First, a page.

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Farm Bureau poised to push back against rising costs of farming

A truck is seen in the middle of a farm.
NY Farm Bureau
/
A truck is seen harvesting at a farm.

Farmers in Central New York and across the state will be watching Albany closely over the next few months to ensure their concerns are front and center, as the New York Farm Bureau released its priorities Tuesday for the legislative session.

Bureau President David Fisher said the recent minimum wage increase is only the beginning of their challenges.

"It just climbed a dollar an hour at the end of the year, and we'll likely hit 15 dollars upstate by the end of this year to match what's in New York City and Long Island. The overtime threshold will begin to drop as well next year. We can't keep making it more expensive to do business in this state, especially when other states are far behind our wage rates," Fisher said.

Dave Knapp, co-chair of the Onondaga County Agriculture Council said the price of business is making it hard for farmers to stay competitive.

"It really puts us at a competitive disadvantage as we're trying to market our products outside of New York state, or protecting our local markets from imports coming in from neighboring states and Canada," Knapp said.

He said the Farm Bureau knows that farms are under immense pressure. They’re feeling the pinch of higher transportation, energy and fertilizer costs. Diseases threaten to wipe out flocks and herds, and, Knapp said, there’s the fight to keep farmland for crops rather than solar farms.

"There's a lot of really, really rich soils that are being converted over to solar farms, and that affects the available land for farming. They're really asking the state to try and strike a balance," Knapp said.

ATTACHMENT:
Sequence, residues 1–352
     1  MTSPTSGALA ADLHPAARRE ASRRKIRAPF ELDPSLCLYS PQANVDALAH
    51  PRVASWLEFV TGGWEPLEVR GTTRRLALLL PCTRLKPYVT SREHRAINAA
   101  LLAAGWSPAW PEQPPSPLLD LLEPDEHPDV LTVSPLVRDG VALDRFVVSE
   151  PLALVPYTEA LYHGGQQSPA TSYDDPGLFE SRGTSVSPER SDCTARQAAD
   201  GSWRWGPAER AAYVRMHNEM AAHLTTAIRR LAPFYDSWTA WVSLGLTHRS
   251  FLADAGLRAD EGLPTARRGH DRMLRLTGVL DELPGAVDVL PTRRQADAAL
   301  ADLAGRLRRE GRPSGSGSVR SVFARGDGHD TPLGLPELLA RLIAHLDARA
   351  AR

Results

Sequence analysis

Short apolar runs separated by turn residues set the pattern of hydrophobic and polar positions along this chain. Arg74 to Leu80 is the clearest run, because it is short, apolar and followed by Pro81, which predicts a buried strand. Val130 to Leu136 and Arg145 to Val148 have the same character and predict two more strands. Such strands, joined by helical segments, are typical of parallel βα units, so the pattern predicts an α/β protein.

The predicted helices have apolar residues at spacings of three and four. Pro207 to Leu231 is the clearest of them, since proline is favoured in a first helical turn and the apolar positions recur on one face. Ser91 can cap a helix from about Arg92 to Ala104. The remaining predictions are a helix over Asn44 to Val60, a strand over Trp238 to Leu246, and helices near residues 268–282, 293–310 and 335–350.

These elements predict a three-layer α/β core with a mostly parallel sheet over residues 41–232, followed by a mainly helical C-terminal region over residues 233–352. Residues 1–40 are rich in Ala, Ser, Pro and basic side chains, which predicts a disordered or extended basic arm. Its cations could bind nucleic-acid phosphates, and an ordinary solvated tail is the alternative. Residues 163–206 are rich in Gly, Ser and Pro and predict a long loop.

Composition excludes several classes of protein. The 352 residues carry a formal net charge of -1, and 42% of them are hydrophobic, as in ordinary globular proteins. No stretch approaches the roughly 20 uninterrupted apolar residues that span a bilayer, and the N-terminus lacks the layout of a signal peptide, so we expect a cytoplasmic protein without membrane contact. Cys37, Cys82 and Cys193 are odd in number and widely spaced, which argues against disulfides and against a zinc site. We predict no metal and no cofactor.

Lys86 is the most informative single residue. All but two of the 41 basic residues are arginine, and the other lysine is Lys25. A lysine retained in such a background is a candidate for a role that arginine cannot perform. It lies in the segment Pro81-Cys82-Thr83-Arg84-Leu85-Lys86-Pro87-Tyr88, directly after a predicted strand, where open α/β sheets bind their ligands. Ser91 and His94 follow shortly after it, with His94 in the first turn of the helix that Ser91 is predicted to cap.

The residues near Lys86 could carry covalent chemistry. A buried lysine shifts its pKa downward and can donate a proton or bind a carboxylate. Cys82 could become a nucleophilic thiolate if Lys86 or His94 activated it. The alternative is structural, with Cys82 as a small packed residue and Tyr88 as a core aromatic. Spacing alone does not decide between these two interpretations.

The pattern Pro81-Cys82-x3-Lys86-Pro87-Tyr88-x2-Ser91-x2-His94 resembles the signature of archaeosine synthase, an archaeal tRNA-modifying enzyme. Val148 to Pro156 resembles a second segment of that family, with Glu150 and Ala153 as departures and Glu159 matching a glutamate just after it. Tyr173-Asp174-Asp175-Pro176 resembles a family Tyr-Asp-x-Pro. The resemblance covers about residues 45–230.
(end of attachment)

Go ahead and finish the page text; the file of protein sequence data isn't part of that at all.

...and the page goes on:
Knapp said farmland preservation is critical to keeping agriculture strong. He said the state needs to give family farmers more of an incentive to pass their operations to the next generation, or at least make sure the land stays in agriculture if they decide to sell. Knapp said this especially important in the context of development spurred by Micron.

Farm Bureau officials noted that Gov. Kathy Hochul has been a strong ally of agriculture since her time in Congress, and expect that commitment to continue as she prepares to submit her budget proposal in the days ahead.

Scott Willis covers politics, local government, transportation, and arts and culture for WAER. He came to Syracuse from Detroit in 2001, where he began his career in radio as an intern and freelance reporter. Scott is honored and privileged to bring the day’s news and in-depth feature reporting to WAER’s dedicated and generous listeners. You can find him on twitter @swillisWAER and email him at srwillis@syr.edu.